Quantum computing breakthroughs matter for a number of reasons, but in a world of ubiquitous snooping, the most important implication of quantum computing is that it threatens to challenge existing public key encryption systems. These are one of the last remaining defenses against an all-powerful surveillance state, which goes a long way to explaining why the surveillance state is so bent on eradicating the public’s use of encryption.
Security expert Bruce Schneier offers a great description of the power of current encryption technology.
“To encrypt a message, we combine it with a key to form ciphertext,” he notes on his website. “Without the key, reversing the process is more difficult. Not just a little more difficult, but astronomically more difficult. Modern encryption algorithms are so fast that they can secure your entire hard drive without any noticeable slowdown, but that encryption can’t be broken before the heat death of the universe.”
Except, possibly, by quantum computers. These, Schneier says, “promise to upend a lot of this.” Nonetheless, Schneier indicated that he remained optimistic about the potential of hardening encryption against quantum computation. “Cryptographers are putting considerable effort into designing … quantum-resistant algorithms,” he noted. Of course, by the same token, Google and others are putting considerable effort into developing quantum computing.
Quantum computing is neither the greatest threat nor the most near-term threat to encryption. That is represented by the surveillance state itself and its ongoing effort to legislatively and otherwise create backdoors in communications systems.
In a recent column, NSA whistleblower Edward Snowden called attention to efforts made by the United States, the U.K., and Australia to “do away with end-to-end encryption,” or E2EE. Increasingly used, Snowden noted, by the likes of Facebook, Google, and Apple, E2EE works with keys held “on the specific devices at the end-points of a communication” such as smart phones. “In short,” Snowden points out, “E2EE enables companies … to protect their users from their scrutiny: by ensuring they no longer hold the keys to our most private conversations, these corporations become less of an all-seeing eye than a blindfolded courier.”
Note that this is in keeping with the spirit of the Fourth Amendment that asserts that the government shall not pry into the personal papers of citizens without a search warrant. Without encryption, bulk data collection means that government snoops (and corporate ones, too) can review private-citizen communications at their leisure. This, they frequently take pains to assure us, is because they need to protect us from bad actors and criminals such as terrorists, organized crime, drug dealers, and money launderers, along with assorted other nebulous threats.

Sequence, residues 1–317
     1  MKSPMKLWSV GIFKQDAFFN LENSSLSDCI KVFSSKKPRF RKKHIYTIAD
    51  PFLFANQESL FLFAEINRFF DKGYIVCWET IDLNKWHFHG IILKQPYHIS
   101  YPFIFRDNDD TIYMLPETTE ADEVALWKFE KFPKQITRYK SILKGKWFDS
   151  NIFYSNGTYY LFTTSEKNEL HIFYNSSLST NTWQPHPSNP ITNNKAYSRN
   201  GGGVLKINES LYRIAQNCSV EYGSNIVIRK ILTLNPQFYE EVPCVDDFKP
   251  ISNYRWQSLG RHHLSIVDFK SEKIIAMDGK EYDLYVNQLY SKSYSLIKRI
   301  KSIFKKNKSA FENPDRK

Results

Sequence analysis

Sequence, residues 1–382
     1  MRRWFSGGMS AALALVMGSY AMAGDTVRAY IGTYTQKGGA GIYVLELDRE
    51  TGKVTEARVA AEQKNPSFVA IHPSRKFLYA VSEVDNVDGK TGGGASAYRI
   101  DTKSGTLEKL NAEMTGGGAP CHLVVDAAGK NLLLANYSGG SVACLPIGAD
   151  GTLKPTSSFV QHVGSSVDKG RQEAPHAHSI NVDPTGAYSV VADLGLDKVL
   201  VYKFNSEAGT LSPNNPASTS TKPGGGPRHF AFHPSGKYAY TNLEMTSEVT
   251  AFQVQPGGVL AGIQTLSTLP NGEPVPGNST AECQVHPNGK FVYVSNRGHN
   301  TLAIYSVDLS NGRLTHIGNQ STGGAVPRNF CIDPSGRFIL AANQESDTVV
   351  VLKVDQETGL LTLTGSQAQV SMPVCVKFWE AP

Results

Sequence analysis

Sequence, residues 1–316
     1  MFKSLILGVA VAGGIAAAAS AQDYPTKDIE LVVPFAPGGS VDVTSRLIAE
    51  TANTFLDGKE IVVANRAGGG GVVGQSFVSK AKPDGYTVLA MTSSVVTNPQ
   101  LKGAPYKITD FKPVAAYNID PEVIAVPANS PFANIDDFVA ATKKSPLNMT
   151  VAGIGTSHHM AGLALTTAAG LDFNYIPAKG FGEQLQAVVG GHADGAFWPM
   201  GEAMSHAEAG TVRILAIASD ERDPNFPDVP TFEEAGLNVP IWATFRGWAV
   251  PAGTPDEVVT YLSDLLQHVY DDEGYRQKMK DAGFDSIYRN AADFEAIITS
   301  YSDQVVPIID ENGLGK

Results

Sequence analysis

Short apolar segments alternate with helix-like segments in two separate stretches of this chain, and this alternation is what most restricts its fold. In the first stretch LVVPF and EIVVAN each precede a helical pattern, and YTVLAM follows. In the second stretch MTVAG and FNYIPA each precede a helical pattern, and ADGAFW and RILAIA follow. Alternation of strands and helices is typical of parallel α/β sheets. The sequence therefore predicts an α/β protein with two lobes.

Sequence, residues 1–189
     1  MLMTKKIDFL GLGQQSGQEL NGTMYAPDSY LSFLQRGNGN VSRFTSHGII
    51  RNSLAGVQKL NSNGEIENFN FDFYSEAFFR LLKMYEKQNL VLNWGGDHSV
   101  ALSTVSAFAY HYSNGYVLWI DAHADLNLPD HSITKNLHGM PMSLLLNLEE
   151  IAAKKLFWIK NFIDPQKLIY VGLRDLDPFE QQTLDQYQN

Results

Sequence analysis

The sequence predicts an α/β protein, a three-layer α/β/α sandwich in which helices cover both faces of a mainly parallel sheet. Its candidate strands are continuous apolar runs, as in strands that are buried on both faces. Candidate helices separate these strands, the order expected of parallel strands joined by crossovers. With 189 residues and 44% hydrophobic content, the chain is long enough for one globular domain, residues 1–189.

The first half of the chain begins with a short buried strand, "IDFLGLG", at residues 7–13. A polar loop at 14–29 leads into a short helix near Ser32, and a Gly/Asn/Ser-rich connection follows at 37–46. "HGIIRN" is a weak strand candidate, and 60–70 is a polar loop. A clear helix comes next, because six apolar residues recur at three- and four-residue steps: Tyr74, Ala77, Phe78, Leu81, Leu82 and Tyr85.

Snowden, however, thinks the motivation to undermine encryption protocols is motivated by other, darker considerations:
The true explanation for why the US, UK and Australian governments want to do away with end-to-end encryption is less about public safety than it is about power: E2EE gives control to individuals and the devices they use to send, receive and encrypt communications, not to the companies and carriers that route them. This, then, would require government surveillance to become more targeted and methodical, rather than indiscriminate and universal.
Interestingly, while the surveillance state wants to undermine privacy protections for individuals, in the rapidly forthcoming 5G world, it remains concerned about its own privacy and security from other nation states, principally China.
This is because China is neck and neck with the West, and arguably even ahead of the West, in developing and deploying 5G infrastructure, both at home in China and in much of the rest of the world.
The chief corporate lever of this advantage is Chinese electronics giant Huawei. Concerns about the company being a non-official part of the Chinese communist government start with company founder Ren Zhengfei, who served nine years in the People’s Liberation Army starting in 1974. The company says this is no big deal. His military service, they say, is just “like many other business leaders in the US and elsewhere” who also served in national military organizations.
But the situation with Huawei is murkier than just the relationship, whatever it might be, of Ren Zhengfei with Beijing. There is also the rather mysterious situation with the company’s ownership. In a report dated April 17, 2019, Professors Christopher Balding of Fulbright University Vietnam and David Weaver of George Washington University Law School point out that Huawei is
“100% owned by a holding company, which is in turn approximately 1% owned by Huawei founder Ren Zhengfei and 99% owned by an entity called a ‘trade union committee’ for the holding company.”